The world’s largest passive house development just celebrated a topping out ceremony in a monumental step forward for sustainable architecture in Germany. Created by Frey Group, the energy-efficient Heidelberg Village is the epicenter of Bahnstadt, Heidelberg’s newest urban district where all buildings are designed to meet passive house standards. The new project is a “living community” emphasizing multigenerational living, access to green space, and a heterogenous neighborhood setup that encourages social interaction.
Located on the land of a former old freight train terminal, the 116-hectare Bahnstadt celebrates sustainable architecture and diversity in its living, work, and cultural spaces all built to passive house standards for an ultra-low energy footprint. The 6,100-square-meter Heidelberg Village, located at the heart of Bahnstadt, encapsulates the urban development’s values with ecological features like passive houses, green frontages, and solar panels.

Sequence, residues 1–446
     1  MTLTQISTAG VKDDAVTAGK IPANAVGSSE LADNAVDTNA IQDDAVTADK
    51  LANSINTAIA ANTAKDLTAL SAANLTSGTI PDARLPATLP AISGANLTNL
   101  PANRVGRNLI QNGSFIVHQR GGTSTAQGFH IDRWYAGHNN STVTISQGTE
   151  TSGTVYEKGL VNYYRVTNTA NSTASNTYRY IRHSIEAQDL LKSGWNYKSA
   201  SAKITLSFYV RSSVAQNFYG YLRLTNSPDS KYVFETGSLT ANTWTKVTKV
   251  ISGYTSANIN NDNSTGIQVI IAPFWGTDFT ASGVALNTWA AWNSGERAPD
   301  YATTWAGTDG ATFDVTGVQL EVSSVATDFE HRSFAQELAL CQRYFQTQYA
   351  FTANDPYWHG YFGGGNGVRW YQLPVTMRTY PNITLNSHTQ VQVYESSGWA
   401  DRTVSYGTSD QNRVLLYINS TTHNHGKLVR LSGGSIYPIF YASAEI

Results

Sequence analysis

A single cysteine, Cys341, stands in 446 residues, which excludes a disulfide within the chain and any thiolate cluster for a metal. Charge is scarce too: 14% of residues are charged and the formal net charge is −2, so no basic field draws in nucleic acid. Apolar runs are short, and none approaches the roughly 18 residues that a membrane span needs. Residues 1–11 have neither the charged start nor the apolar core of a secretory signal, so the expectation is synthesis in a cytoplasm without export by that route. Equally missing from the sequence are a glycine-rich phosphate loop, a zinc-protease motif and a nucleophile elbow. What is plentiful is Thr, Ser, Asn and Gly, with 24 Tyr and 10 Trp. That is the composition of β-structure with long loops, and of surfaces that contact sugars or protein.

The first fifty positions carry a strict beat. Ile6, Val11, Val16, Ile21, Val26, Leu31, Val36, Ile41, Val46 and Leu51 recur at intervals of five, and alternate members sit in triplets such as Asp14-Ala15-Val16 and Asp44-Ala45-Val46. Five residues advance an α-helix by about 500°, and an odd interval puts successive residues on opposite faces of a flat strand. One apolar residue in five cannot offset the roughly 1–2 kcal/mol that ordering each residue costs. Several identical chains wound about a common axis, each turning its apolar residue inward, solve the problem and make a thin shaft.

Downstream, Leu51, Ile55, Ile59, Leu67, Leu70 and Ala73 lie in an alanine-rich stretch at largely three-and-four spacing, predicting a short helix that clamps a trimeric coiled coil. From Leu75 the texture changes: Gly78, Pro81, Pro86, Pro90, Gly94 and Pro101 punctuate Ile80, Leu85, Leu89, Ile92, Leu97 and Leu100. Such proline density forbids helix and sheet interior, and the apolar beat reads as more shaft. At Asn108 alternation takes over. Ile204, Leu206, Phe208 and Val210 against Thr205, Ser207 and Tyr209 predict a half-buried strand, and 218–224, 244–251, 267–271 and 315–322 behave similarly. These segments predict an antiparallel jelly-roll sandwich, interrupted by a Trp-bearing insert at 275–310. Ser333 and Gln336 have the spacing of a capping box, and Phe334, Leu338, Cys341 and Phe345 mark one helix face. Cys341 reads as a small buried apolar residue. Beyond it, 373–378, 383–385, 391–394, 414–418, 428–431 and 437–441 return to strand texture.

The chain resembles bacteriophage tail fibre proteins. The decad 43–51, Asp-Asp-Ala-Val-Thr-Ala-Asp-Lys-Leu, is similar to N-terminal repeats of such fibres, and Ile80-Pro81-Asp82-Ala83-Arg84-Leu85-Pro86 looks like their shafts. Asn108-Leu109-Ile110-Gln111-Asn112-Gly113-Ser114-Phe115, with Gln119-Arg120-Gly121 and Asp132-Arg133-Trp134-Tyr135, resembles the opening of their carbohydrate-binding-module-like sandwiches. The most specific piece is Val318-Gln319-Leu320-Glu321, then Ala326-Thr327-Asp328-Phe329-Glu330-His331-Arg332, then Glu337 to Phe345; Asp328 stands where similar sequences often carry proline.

“Heidelberg Village represents the notion of sustainable urban planning and architecture both socially as well as environmentally,” explained architect Wolfgang Frey. “The idea behind Heidelberg Village is to attract a heterogeneous neighborhood, thereby creating an energetic, home-like living space with lots of social interaction.” The village has 100-percent handicap accessibility as well as child and elderly care. The multigenerational, heterogenous neighborhood includes 162 one-to-five room apartments, each with its own balcony. Solar panels and vertical gardens top the roof and wrap around the facade. The project is slated for completion in the spring of 2017.
Images courtesy of Frey Architekten